Some tracks from the second disc also caught my attention. “Casino Night Act 2″ is an excellent song featured in the DLC. It’s played out like some ‘50s jazz tune, improvised to no end; a perfect mix of jazz and Sonic. I didn’t play the 3DS version of Sonic Generations, however, the 3DS section of the album does feature excellent music as well, like “Water Palace” with its sampled lyrics that say, “Back to back,” and “Tropical Resort Act 2″ which sounds like electronic surf music. The second disc also brings in music from challenge missions and a few boss battles on the 3DS.
Generally, the boss battle themes don’t particularly stand out which is possibly the only complaint I have about this entire album. However, I really enjoy “Rival Battle- Metal Sonic ‘Stardust Speedway’” from the third disc. This is a fun song to hear in-game while battling Metal Sonic, featuring piano and a dance-like groove that worked so well for the boss level. There’s also some cut scene music here for those looking for it.
To sum up my experience, I had to admit that I love this soundtrack so much that I constantly played through the Rooftop Run and Crisis City levels just to hear the music from those two particular stages. I didn’t want to listen to it on YouTube or on my MP3 player, but rather have the song played in-game. I know, I’m weird, but I don’t care because this led to a much more rewarding experience than listening to the songs casually. Also, I don’t know who it is that coordinated the live recording session for the string quartet but you have to give them some props as the strings are beautiful and not overused. There were multiple instances in Rooftop Run and Crisis City where I thought to myself. “… Is this what you guys were feeling?” It was remarkable hearing something so emotional in a Sonic game. The string quartet elevated Sonic beyond what I could have imagined, reaching greater heights, almost lifting you off your feet andencouraging you to keep at it; the music served as a subconscious effort to keep you moving.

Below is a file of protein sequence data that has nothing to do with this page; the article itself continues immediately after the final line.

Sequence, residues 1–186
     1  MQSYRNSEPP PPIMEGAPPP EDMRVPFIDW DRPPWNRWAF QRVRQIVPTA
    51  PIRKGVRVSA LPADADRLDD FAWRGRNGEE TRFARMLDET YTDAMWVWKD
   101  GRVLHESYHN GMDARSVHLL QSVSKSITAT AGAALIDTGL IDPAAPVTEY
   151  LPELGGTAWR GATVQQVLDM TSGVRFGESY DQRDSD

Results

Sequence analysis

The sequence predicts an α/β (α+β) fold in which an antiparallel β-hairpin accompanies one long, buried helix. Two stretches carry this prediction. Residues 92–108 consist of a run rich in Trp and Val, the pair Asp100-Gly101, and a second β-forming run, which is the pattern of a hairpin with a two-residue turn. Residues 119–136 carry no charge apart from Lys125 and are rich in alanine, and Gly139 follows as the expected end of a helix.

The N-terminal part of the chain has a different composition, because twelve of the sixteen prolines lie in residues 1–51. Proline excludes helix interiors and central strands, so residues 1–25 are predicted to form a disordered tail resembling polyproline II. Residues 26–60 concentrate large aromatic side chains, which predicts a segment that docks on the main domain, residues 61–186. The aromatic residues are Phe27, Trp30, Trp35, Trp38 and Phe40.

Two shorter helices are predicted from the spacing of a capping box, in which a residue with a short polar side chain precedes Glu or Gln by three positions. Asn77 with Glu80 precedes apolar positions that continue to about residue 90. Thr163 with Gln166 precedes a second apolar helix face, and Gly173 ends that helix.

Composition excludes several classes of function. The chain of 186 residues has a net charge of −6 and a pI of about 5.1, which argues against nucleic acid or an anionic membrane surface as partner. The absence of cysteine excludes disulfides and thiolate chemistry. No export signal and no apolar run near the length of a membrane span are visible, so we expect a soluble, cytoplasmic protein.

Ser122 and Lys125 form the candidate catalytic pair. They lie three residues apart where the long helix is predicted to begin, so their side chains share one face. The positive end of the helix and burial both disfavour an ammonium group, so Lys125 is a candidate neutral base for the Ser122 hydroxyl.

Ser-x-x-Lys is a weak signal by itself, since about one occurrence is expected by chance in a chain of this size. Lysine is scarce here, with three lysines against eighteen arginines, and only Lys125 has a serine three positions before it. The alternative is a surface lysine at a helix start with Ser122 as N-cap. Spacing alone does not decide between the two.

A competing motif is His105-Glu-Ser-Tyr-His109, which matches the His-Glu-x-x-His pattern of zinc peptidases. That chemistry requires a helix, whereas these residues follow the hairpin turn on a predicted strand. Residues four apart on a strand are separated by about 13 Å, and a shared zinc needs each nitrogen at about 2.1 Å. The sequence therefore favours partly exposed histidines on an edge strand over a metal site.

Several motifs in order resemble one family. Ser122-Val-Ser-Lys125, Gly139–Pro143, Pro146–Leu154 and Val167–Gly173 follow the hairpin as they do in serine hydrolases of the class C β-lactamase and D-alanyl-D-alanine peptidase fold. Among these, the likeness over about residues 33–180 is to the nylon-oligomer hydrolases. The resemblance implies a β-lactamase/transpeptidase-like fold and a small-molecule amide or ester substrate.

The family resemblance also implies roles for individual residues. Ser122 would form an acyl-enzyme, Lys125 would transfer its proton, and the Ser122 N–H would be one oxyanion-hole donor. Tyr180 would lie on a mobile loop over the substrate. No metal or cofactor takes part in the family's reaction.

These songs are not grossly epic or grand. Nor are they flat, laying dormant through the game as many Sonic vocal songs often would. These songs aren’t even trying to play ‘cool’ at this point in Sonic’s career, but rather engaging the player on the festivities and fun they themselves represent, and that’s what Sonic is about; not looking cool, or acting bad ass, but having fun. It’s why I consider Sonic Generation to be one of the best videogame soundtracks of 2011. I think that even if Sonic fans are content with never playing another Sonic game, they should still check this album out. It’s filled with too many memorable tunes, and they’d just be doing themselves a disservice by missing out on it.
The booklet lists information on the musicians that preformed each piece as well as notes from the Sonic Sound Team. I thought it was a scumbag move to have everything printed English until you read the Sound Team’s notes, printed all in Japanese. Curses! I believe this album wouldbenefit from an iTunes release, however, $50 USD isn’t a bad price for a 3-disc set of lossless Sonic tunes. Copies of the album are available from CD Japan and Play-Asia.
Play the game and let us know what you thought of the music of Sonic Generations. Do you think this is the best Sonic soundtrack of the past decade? Or are you guys still terrified of the Sonic franchise?Tags: Dance, Reviews, SEGA, Sonic, Sonic Generations, Sonic the Hedgehog, Techno